By Kira Roybal
What can we discern from the unhappy comments of these social media consumers? Certainly misogyny and logical fallacies are still in vogue—at least in some circles. And people get very defensive over their first amendment rights. Although internet forums are great platforms for discussion and debate, they do not exactly come with a filter. You can start off watching a YouTube video of some amusing kid dancing around and end up reading an argument in the comments section over American education policies and the state of marriage. You truly get to read all kinds of opinions because everyone is an expert online.
Certainly everyone is entitled to their opinions. Freedom of thought is arguably just as important as freedom of speech, perhaps even a precursor to the exercise of free speech. Americans are (for the most part) guaranteed freedom of thought, speech, expression, and the like, although we may sometimes have to face the consequences of our words and actions. For instance, if you yell “fire” in a crowded movie theater where there is no fire, you will face some sort of punishment. So why are social media users, such as these Redditors, upset over laws that protect the fundamental right to privacy on the internet? More interestingly, why do they feel that their right to free speech and expression are threatened?
America does not have any laws that specifically protect against hate speech—speech that is directed at historically oppressed groups and is used to belittle and even traumatize the receiver(s). Instead, we have the First Amendment, which prohibits the government from regulating such speech. The idea is that we, as a society, will have a discussion about free and hate speech, and eventually we will reach some kind of conclusion based on the ideas and arguments that everyone brings to the table. Ultimately the hope is that hate speech will be overcome by more, rather than less, free speech. The only kind of speech that is not protected under the First Amendment is “fighting words” (Chaplinsky v. New Hampshire).These are words exchanged between individuals that could provoke the person addressed to commit an act of violence.
“Freedom of thought is arguably just as important as freedom of speech.”
Transmitting these measures onto the internet is a different story. Thanks to social media, millions of people can anonymously (or publicly) post their thoughts and opinions for others to read and comment on. Naturally this is a terrific breeding ground for some users to share their radical opinions—through, say, neo-nationalist, anti-feminist Tumblr pages—and for other users to police the nature and diffusion of such unprogressive opinions.
Social justice warriors—as well as any organization or policy that attempts to make the internet a more tolerant and regulated public space—are seen as a spectre of the far-left, haunting America. Their tactics are aimed against hateful language and comments, leading some of the opposition to worry that the political correctness found in real-life society may invade and overwhelm the internet as well. New York magazine writer Jonathan Chait, in his recent and much talked-about piece on the perversion of modern liberalism (“Not a Very P.C. Thing to Say”), defines politically correct (p.c.) culture as “a style of politics in which the more radical members of the left attempt to regulate political discourse by defining opposing views as bigoted and illegitimate.” In short, people on the anti-p.c. side of the debate believe that they and their opinions are unwelcome in discussion forums.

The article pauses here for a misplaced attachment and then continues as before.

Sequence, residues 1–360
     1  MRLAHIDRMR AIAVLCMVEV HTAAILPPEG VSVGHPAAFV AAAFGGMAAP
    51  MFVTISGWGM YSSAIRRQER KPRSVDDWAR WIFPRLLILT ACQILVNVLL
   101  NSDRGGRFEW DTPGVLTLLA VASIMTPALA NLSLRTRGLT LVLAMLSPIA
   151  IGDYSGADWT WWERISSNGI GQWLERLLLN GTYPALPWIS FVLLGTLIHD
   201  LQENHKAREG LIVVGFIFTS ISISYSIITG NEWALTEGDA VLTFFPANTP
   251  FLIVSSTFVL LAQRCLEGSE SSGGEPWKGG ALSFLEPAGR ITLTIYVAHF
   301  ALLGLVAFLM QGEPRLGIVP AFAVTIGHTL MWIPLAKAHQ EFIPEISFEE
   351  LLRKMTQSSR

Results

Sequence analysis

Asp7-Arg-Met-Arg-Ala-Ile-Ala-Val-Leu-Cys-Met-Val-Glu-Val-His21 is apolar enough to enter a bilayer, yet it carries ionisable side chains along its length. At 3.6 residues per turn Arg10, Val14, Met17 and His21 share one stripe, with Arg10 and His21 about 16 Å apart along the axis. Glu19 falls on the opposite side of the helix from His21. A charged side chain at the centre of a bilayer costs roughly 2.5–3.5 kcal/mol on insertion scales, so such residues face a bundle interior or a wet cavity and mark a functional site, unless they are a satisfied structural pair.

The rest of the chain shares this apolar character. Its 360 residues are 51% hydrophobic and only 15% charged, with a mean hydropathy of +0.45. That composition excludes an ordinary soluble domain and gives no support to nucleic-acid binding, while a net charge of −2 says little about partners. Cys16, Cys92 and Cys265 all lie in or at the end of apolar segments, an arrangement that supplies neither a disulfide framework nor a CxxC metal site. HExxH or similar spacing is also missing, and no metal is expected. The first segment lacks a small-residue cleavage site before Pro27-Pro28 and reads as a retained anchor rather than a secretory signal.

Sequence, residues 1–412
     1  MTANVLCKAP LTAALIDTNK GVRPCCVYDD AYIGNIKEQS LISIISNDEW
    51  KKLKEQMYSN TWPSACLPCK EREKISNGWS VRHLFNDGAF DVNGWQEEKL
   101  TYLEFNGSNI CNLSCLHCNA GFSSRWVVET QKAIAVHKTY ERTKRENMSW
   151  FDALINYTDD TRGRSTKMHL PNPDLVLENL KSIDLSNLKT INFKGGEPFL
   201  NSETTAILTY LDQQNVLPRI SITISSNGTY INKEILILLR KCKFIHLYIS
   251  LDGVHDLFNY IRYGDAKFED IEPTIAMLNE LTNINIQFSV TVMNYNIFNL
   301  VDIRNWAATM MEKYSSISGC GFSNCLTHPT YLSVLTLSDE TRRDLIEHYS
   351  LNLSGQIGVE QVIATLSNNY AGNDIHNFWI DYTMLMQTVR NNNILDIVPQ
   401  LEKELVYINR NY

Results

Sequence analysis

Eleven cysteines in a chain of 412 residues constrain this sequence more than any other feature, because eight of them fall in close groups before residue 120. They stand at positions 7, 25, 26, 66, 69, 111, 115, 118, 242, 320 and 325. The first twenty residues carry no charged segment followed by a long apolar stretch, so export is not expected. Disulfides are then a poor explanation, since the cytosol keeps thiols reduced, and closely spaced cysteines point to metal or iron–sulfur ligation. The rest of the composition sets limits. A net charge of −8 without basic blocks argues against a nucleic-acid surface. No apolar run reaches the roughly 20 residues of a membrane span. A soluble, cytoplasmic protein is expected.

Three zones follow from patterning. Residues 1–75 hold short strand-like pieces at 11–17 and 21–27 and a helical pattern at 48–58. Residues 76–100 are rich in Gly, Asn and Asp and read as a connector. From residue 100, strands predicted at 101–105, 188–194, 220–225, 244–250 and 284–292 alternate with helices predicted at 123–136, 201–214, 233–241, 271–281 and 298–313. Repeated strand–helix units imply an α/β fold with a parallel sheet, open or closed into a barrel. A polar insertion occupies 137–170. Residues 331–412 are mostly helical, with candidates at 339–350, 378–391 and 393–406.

Take the case of Dr. Matt Taylor, who wore a softcore themed shirt during a live interview for the European Space Agency’s Rosetta Project landing late last year. Taylor was chastised online for his shirt depicting scantily clad women, and #shirtgate and #shirtstorm took over Twitter for a period of time. Many claimed that it projected an unwelcoming and misogynistic message toward women in (or aspiring to be in) the STEM career fields and that it was simply unprofessional attire. A few days later, Taylor issued a public apology. He nearly burst into tears while making his statement.
Yes, today many try to be as politically correct as possible—and with good reason. Many of us do not wish to promote hateful language against historically oppressed minority groups, so we find that our best solution is to suppress the problem. Others use social media to attack individuals who are making a breach in the p.c. code, as was the case with Taylor’s shirt. This tactic is also rather ineffective because it does not get to the root of the problem behind hateful and marginalizing language (and imagery, for that matter). Leaving comments on a neo-Fascist’s Tumblr page telling him to stop being narrow-minded and arrogant will not bring an end to the neo-Fascist, neo-Nazi, anti-feminist online, (etc.) communities, nor will it tell us why such communities exist and persist on social media.
Can more free speech really end hate speech? Ultimately, eradicating hateful comments from the internet will take time because it requires people changing their way of thinking and perception of the world. Outlawing hate speech and demanding political correctness may be a viable option, but I doubt many Americans will want to give up one of their most prized rights. Encouraging a discussion among those who post disrespectful comments about minority groups, those who chastise them, and everyone in-between is probably the best bet. Perhaps if far-right—as well as simply disgruntled and tactless—users come to realize their arguments cannot gain support and momentum, particularly in the mainstream, they will cease spreading biased and hate-filled opinions online.